How does the law deal with pain?
23 Nov 2020
- Personal Injury
The well-known legal writer, Harold Luntz, wrote in 2019 that it is well established law that “where any legal wrong is to be compensated by damages, the aim of the court is to award such sum of money which will as nearly as possible put the person who has been injured, or otherwise suffered a loss, in the same position as he or she would have been in if the wrong had not been sustained”.
Obviously, the payment of a sum of money can, in some circumstances, fulfil that goal easily if the wrong or loss suffered involved the destruction of a particular item, damage to property or something similar. However, it is also very clear that it is much more difficult to decide what sum of money might compensate an injured person for pain.
It is a common experience that similar events can cause quite different levels of pain and suffering in different people, depending on their vulnerability, any pre‑existing condition, and the impact upon their life. The common law, also known as law determined by the courts, compared to law determined by the government, has grappled for a long time with the best way to provide compensation. The common law in Australia, which arose out of the English law, generally recognised and paid compensation for what were known as pain and suffering and loss of amenity. A loss of amenity arises where injuries deprive a person of their capacity to do things which, before the injury, they were able to enjoy. For example, a person who is rendered blind would lose the ability to carry out activities associated with sight, such as reading or painting, at least to some degree.
Often the experience of pain and the suffering it caused, has been dealt with in the same assessment considering any loss of amenity, which is designed to compensate for the inability of a person to do the things they would normally do arising from the pain and suffering caused.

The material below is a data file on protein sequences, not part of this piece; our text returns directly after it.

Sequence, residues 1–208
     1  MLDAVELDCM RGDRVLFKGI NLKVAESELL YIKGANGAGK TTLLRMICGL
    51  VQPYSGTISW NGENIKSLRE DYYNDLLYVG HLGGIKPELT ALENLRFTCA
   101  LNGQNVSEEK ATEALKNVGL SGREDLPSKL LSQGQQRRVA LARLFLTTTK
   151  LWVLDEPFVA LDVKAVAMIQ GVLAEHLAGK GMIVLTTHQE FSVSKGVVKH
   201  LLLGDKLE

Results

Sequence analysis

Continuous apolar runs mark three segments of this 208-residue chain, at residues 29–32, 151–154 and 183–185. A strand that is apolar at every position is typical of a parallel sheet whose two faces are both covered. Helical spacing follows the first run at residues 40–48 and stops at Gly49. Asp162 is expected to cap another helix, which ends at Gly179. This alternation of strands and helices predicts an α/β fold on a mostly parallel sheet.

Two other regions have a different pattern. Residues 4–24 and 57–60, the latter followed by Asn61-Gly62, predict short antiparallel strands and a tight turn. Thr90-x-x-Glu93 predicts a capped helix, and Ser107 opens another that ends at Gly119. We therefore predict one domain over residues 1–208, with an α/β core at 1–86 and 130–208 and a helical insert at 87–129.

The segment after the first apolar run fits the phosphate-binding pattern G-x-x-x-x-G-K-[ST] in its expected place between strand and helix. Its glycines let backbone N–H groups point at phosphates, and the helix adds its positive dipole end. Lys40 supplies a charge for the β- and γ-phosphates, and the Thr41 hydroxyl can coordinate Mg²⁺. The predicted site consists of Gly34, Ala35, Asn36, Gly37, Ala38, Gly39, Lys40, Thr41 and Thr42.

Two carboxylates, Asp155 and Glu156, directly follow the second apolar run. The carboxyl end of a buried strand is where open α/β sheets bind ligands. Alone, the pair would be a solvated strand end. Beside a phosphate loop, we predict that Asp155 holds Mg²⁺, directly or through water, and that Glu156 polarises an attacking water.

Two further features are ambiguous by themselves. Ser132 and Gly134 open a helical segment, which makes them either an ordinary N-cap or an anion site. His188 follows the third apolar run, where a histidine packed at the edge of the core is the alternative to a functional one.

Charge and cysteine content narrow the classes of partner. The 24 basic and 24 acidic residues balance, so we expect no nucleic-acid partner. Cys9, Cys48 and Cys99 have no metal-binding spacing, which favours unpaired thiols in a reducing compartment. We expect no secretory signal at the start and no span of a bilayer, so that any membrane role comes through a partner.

Traditionally, the law has recognised that “pain” means the physical hurt or discomfort attributable to the injury itself or what arises from it. “Suffering” on the other hand denotes the psychological or emotional distress which an injured person may feel as a consequence of the injury, for example anxiety, worry, fear, torment or embarrassment.
The amount of pain and suffering is by its nature subjective, in the sense that it depends on the injured person’s awareness of it and being able to prove that satisfactorily. In that sense, a person rendered unconscious may not experience any pain or suffering.
The advantage of a common law system is that it enables a court to look at all of the evidence, including the subjective evidence provided by the injured person, and to award a sum of money by way of compensation for the pain, suffering and loss of amenity. It is my experience that the best way of demonstrating those matters to a court is to arrange for the injured person to keep a diary or record of the things that aggravate pain or result from the pain, and activities which were either impossible to do or limited. I always say that the more detail that is provided will allow a court to have a greater insight into the extent of the pain, suffering and loss.
In conclusion, the common law system is almost certainly the fairest way of the legal system responding to the concept of pain, though it must be conceded that there is great inconsistency in the awards of compensation made. However, the alternative statutory systems, such as those recently introduced in the ACT for motor vehicle accident claims, which rely on arbitrary scales, and which do not recognise in any real way the concept of pain and its contribution to the loss of enjoyment of life by those injured, are no alternative at all.